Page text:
Understanding the Physics of Transmission Lines
Physics, for some, may have been just one of a slew of too-early classes in college, but in the world of engineering, physics is everything. For many PCB designers, physics is essential to creating a board that functions appropriately in the real world – a world in which weather, environment, and humans can mean big (and unexpected) changes. Understanding the behavior of electronics relies heavily on physics because outside influences have a significant impact on how things operate.
If a PCB trace is at a short distance and operating at a low frequency, it may be an ideal connection (zero-ohm resistor). There is no space in which resistance, capacitance, or inductance may occur to change the behavior. As the signal trace lengthens compared to the frequency of the signal, the signal trace becomes a transmission line. As speed increases, a short PCB trace also becomes a transmission line. Transmission lines operate at a high frequency in which the AC creates an always-present resistance, capacitance, and inductance on the trace. Together, these are called characteristic impedance.
When the load impedance on a line matches the characteristic impedance, it has the same effect as an infinitely long transmission line. All of the energy is absorbed, which prevents reflections – think about going to the waterpark. In a pool, you could create a wave that would, upon reaching a wall, reflect and come back to you. In an infinity pool, however, it cannot reflect. This is the same idea.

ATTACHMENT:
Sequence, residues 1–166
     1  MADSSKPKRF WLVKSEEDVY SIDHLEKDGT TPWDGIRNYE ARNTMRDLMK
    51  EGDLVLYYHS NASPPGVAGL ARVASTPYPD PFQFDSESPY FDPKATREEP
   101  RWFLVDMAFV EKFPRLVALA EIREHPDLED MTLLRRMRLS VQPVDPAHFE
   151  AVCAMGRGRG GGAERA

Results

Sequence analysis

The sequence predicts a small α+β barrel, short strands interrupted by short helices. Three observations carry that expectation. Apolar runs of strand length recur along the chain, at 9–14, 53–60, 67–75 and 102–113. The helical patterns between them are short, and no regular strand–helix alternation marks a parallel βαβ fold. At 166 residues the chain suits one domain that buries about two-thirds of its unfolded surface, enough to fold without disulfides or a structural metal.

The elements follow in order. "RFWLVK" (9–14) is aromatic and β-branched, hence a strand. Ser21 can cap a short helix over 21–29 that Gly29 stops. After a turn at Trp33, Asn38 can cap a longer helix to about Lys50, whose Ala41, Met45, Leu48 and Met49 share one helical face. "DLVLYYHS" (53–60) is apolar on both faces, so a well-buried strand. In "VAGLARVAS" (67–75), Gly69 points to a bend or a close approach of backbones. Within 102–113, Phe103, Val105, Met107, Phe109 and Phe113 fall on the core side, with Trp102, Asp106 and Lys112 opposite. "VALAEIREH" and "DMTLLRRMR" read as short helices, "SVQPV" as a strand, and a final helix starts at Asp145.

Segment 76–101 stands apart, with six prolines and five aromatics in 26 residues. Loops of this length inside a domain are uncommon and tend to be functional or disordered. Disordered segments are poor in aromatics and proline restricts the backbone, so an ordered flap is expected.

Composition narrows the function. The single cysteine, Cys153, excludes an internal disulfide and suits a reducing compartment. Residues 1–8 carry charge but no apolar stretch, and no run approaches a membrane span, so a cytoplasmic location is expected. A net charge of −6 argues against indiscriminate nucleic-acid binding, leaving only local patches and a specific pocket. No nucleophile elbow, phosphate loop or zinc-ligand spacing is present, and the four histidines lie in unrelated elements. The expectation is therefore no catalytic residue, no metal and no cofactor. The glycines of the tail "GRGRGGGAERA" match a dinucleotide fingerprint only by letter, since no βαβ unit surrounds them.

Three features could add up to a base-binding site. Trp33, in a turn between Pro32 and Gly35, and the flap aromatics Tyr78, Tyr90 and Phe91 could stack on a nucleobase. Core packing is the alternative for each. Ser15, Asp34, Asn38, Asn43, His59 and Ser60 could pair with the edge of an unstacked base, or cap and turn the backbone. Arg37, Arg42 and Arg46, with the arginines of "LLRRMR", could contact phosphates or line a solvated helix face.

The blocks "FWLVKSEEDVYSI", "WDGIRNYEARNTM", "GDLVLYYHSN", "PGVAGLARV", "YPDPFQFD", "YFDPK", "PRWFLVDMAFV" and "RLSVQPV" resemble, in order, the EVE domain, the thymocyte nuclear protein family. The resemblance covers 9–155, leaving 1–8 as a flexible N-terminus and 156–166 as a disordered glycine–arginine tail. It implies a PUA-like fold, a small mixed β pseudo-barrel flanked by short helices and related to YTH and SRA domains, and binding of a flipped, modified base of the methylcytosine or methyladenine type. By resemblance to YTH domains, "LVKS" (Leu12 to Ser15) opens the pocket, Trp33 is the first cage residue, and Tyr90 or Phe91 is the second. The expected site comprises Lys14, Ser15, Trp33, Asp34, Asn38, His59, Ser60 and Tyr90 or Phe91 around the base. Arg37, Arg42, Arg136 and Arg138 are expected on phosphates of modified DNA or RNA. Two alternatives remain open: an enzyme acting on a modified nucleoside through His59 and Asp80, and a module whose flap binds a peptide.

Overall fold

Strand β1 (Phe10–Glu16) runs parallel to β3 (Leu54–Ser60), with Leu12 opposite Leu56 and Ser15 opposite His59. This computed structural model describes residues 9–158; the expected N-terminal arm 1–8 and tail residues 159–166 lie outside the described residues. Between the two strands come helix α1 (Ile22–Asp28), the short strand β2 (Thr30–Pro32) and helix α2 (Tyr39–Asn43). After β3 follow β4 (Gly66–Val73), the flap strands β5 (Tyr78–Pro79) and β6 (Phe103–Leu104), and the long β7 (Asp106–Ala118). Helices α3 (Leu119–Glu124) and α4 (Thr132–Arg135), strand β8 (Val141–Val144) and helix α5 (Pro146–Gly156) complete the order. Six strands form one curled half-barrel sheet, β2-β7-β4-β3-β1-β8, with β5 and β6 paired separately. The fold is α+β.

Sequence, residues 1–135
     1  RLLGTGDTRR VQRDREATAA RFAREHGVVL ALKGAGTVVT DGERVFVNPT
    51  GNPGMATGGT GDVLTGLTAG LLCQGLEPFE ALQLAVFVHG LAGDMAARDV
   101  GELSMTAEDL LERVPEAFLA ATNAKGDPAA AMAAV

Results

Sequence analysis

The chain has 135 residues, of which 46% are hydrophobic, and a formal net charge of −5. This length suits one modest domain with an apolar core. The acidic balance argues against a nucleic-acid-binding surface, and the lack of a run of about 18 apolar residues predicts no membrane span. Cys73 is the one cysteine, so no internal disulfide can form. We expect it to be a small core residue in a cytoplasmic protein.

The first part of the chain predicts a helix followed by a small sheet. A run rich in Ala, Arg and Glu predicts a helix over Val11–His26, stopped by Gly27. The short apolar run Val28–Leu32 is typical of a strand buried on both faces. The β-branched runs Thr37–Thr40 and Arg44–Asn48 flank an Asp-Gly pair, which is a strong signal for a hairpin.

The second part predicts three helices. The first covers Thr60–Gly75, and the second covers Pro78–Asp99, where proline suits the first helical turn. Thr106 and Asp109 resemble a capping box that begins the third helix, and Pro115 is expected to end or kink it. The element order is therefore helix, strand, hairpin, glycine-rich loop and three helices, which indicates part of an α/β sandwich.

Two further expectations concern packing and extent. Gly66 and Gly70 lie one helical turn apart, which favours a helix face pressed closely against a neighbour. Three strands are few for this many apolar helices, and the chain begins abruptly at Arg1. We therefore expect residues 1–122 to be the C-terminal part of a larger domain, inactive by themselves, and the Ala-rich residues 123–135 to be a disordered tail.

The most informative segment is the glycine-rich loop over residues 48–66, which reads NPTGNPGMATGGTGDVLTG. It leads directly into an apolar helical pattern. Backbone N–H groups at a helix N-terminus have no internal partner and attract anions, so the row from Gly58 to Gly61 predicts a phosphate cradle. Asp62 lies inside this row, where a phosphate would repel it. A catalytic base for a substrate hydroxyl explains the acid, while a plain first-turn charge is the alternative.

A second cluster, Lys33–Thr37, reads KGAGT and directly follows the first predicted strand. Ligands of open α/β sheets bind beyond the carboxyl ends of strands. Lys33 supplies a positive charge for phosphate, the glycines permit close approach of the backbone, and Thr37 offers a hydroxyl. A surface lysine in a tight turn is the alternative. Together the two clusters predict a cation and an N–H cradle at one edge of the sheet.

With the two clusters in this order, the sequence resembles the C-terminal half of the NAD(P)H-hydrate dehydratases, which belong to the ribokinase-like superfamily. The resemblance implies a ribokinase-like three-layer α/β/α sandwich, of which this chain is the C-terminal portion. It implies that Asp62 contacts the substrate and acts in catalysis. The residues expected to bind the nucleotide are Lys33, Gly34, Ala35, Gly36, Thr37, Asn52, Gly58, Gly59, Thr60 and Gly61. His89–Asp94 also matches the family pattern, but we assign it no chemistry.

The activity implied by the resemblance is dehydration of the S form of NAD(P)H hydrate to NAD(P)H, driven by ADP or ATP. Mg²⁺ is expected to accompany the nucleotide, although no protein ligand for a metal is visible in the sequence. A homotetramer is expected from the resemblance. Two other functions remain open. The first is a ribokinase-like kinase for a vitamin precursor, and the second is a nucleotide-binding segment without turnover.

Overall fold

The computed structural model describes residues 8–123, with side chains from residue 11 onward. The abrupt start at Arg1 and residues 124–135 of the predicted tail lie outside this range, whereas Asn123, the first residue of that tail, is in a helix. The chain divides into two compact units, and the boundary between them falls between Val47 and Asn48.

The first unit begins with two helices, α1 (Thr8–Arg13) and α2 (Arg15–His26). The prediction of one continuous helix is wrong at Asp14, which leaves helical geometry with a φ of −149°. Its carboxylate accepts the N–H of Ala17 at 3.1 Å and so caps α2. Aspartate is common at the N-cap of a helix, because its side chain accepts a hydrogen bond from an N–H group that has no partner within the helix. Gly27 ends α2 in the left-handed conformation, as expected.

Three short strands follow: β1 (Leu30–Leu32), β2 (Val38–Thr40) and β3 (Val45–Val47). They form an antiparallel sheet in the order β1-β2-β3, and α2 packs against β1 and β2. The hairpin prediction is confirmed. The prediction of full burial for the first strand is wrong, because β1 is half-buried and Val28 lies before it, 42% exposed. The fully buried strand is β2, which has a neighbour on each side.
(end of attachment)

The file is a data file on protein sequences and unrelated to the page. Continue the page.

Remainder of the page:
An electrical circuit with an impedance mismatch will allow for a partial reflection – the pool in our example essentially sends a piece back. If the source impedance isn’t matched to the line, the reflection goes back and forth, and energy is lost a little bit at a time. Eventually, all of the energy has been used. In a line, reflections disrupt the signal, which can lead to problems with data, among other things.
Wait for the Crosstalk
On a PCB, there are electrical traces that run parallel to one another with very little space in between. In close proximity and at high speeds, this produces a mutual capacitance, causing energy to transfer from one trace to another. There is also a magnetic field at high speeds, which creates a smaller magnetic field opposite to the first on traces that run alongside one another and are close together. The energy, coupled as the result of mutual capacitance and mutual inductance, is called crosstalk. To minimize it, engineers can increase the spaces between nets, shorten the parallel trace segments, use ground planes for the return paths to decrease the characteristic impedance of the signal traces, and utilize differential pairs.
Fusion 360: Preventing Problems Before They Happen
Once you understand the basics of transmission lines and how outside forces might impact them, you can ensure that your designs take external factors into account. The Fusion 360 electronics workspace ensures that you’re able to allow adequate clearances and coupling from the get-go or make adjustments at any point in the process to allow for maximum efficiency. With an easy-to-use schematic editor and robust library support, Fusion 360 is committed to helping you overcome design roadblocks so that you excel!
Try PCB design and Electronics in Fusion 360 today!